Corralling the "Horses" to Staff the Golbal Organization of 21st Century

Michael Harvey, Helene Mayerhofer, Linley Hartmann, Miriam Moeller

Publikation: Wissenschaftliche FachzeitschriftOriginalbeitrag in FachzeitschriftBegutachtung

Abstract

Until recent decades, difficulties associated with distance, time, and culture limited global travel to longer, less frequent business trips. Expatriate assignments were the main option for extended business representation by the parent company in host countries, mitigating some of these differences. As staff can now travel globally and rather effortlessly, they are able to communicate more easily. The problems associated with long-term assignments increase (i.e., costs, family relocation, dual career couples and the like), have been somewhat abated. This paper examines the various types of global assignments, some of which have been somewhat neglected in global human resource management literature.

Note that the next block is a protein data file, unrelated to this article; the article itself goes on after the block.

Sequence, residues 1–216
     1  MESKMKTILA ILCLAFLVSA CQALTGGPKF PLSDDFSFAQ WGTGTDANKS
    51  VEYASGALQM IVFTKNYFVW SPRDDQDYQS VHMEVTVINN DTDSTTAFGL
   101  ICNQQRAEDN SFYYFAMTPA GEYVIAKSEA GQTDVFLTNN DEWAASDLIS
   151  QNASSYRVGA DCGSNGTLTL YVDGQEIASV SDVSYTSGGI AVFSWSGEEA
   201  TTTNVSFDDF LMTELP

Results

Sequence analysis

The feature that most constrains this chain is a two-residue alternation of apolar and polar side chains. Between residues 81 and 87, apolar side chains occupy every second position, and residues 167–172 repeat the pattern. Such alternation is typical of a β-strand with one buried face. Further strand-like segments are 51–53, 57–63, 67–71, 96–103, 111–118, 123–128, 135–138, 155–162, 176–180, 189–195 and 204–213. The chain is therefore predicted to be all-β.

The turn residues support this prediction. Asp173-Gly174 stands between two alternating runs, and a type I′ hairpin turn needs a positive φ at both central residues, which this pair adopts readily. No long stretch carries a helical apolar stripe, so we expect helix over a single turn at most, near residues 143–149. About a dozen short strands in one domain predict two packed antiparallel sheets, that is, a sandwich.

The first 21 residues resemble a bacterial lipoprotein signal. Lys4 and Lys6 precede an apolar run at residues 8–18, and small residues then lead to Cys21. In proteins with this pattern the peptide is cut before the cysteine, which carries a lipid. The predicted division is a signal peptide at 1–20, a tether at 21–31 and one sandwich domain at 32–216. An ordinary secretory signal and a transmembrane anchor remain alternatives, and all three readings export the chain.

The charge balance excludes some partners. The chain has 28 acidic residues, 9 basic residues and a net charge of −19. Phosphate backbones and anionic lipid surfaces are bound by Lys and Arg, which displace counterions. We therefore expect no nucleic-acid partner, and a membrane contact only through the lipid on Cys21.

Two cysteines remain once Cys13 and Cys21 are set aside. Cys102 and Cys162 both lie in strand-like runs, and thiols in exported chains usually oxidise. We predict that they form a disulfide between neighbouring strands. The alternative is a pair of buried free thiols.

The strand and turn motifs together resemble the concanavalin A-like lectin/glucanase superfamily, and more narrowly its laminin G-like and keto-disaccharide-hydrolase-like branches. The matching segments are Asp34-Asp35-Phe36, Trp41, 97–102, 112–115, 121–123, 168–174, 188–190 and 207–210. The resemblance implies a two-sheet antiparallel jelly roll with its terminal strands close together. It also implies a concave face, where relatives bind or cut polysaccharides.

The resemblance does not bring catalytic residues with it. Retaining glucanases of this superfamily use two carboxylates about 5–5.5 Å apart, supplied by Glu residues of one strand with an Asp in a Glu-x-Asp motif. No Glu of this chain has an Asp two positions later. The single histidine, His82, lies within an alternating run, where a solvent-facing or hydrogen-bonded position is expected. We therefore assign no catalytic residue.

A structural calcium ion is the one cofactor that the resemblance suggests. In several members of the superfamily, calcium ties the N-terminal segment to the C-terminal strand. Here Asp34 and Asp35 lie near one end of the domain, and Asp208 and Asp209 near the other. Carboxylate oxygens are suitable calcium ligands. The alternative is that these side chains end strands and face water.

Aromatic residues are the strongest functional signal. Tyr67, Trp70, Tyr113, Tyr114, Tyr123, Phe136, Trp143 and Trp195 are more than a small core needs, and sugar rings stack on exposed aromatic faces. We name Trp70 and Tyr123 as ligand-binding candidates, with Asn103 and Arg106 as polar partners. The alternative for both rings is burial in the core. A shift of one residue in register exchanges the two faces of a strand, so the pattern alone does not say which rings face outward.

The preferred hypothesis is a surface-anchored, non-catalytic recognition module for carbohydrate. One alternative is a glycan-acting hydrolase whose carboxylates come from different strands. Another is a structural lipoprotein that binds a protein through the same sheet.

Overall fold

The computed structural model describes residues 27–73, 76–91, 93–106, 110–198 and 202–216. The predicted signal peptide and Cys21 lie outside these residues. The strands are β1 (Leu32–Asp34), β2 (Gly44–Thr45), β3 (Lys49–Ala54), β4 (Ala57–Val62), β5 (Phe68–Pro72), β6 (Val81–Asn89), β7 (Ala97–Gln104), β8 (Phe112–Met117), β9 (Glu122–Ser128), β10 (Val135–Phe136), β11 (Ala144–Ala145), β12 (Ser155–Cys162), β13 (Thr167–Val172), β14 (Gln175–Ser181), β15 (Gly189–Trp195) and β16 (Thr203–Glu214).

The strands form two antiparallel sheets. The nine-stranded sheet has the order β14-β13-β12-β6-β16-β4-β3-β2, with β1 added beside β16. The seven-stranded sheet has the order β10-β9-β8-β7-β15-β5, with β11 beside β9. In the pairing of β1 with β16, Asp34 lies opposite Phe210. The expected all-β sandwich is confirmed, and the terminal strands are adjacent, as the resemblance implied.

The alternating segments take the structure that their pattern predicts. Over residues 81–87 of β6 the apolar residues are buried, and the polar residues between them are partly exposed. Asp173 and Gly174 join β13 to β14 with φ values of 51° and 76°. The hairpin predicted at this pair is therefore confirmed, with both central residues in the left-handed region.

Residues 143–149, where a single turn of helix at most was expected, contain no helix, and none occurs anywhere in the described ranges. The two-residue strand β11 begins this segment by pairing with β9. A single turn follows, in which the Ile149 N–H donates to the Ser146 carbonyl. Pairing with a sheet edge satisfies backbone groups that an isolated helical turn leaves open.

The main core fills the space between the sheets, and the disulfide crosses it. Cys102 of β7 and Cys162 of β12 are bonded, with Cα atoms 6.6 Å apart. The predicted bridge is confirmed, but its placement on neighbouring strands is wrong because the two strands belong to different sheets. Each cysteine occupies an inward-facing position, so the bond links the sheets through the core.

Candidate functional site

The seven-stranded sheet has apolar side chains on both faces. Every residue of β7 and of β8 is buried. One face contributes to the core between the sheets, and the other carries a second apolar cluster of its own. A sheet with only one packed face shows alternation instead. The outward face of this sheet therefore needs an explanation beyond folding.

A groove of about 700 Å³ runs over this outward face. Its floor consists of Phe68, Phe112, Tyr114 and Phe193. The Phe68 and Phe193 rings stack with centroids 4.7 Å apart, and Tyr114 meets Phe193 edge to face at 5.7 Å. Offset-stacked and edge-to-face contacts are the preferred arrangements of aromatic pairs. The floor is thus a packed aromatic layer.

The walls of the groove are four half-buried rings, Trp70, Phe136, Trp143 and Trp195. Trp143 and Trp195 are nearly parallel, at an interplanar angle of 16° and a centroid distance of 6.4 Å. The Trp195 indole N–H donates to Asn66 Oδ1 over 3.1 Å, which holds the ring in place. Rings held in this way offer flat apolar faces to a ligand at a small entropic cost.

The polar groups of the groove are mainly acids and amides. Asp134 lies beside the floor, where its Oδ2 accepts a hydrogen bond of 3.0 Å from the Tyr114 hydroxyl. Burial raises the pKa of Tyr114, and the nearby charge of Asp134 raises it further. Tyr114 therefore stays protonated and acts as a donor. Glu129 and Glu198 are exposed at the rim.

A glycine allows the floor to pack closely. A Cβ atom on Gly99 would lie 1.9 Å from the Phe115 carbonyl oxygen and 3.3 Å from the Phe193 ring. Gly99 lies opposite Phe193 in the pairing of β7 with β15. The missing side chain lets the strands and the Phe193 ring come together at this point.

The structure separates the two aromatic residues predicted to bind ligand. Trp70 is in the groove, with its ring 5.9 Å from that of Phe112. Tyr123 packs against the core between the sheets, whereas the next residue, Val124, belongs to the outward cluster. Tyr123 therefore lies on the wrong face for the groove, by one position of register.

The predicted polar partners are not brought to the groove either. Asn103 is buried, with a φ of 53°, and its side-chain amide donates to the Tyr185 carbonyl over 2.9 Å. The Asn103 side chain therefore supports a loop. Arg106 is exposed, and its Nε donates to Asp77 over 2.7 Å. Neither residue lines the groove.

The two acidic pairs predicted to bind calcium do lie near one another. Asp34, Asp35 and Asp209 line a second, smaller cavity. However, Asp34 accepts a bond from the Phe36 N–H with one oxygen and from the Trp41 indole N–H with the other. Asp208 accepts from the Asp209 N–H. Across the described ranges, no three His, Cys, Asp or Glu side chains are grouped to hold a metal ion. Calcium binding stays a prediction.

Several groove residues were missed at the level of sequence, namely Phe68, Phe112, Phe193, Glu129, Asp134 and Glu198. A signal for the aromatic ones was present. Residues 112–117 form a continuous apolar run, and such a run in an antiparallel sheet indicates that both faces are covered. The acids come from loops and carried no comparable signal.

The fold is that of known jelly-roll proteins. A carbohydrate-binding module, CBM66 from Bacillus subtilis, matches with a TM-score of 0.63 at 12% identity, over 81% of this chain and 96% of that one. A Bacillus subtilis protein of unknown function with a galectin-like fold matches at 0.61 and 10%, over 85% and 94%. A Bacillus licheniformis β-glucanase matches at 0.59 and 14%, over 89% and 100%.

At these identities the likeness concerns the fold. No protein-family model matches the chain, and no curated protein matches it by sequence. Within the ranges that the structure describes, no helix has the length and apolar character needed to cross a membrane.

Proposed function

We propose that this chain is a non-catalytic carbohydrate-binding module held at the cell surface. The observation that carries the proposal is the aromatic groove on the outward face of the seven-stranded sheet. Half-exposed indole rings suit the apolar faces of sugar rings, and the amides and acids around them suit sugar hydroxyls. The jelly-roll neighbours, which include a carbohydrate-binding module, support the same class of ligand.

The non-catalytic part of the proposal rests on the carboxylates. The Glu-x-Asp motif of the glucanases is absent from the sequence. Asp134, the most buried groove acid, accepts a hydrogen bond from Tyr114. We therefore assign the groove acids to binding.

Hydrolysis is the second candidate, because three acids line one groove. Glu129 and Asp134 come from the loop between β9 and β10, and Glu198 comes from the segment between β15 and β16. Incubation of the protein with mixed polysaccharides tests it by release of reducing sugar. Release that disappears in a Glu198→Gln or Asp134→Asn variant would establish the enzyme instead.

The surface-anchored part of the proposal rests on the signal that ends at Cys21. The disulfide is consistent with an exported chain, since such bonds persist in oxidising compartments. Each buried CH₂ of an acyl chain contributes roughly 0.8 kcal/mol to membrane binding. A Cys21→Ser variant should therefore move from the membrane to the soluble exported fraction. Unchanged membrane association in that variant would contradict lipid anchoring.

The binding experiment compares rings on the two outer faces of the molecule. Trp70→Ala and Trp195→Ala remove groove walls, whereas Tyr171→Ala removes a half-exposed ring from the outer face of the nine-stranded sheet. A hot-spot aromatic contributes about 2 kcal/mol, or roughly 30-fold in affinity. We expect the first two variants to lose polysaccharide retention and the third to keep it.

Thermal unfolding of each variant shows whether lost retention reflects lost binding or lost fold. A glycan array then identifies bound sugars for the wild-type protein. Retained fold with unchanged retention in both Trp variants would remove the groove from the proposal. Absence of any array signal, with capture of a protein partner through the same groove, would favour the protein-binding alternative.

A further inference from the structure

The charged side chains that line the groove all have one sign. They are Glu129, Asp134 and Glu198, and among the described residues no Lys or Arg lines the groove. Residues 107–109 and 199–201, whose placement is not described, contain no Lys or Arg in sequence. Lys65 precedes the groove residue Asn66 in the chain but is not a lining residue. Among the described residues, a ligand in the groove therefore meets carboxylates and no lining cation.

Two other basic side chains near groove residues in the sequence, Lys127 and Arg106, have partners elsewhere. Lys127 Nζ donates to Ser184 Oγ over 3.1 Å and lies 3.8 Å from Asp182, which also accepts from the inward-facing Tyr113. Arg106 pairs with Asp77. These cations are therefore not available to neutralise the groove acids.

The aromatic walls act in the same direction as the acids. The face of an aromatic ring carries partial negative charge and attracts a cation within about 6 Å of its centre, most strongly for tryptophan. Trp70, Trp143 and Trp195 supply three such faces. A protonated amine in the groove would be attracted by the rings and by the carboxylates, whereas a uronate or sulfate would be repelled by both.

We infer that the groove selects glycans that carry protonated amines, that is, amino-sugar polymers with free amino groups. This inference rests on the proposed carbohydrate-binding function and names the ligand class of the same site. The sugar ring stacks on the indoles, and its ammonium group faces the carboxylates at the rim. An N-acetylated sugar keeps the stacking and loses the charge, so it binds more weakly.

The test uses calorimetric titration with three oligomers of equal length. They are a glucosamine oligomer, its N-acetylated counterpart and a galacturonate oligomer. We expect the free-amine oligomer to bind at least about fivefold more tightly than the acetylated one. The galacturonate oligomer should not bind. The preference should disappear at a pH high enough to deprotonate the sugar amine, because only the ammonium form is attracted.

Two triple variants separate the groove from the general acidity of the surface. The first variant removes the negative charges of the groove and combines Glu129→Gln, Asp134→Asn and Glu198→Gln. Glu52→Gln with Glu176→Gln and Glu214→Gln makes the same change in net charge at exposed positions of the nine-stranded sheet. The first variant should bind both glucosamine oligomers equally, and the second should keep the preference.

A competency based perspective of global staffing is used to compare and contrast the three most distinctive types of global work assignments: those being the expatriate, flexpatriate, and inpatriate. These types of assignments contribute to the development of global competence through cultural immersion, self-management of development, and managing as a virtual worker. The implications of these newer forms of global assignees have a direct impact on global selection, training, performance appraisal, remuneration, as well as personal work-life balance. These issues are important as businesses put more emphasis on the development of global competencies in their global workforce.
OriginalspracheEnglisch
FachzeitschriftOrganizational Dynamics
PublikationsstatusVeröffentlicht - 1 Sept. 2009

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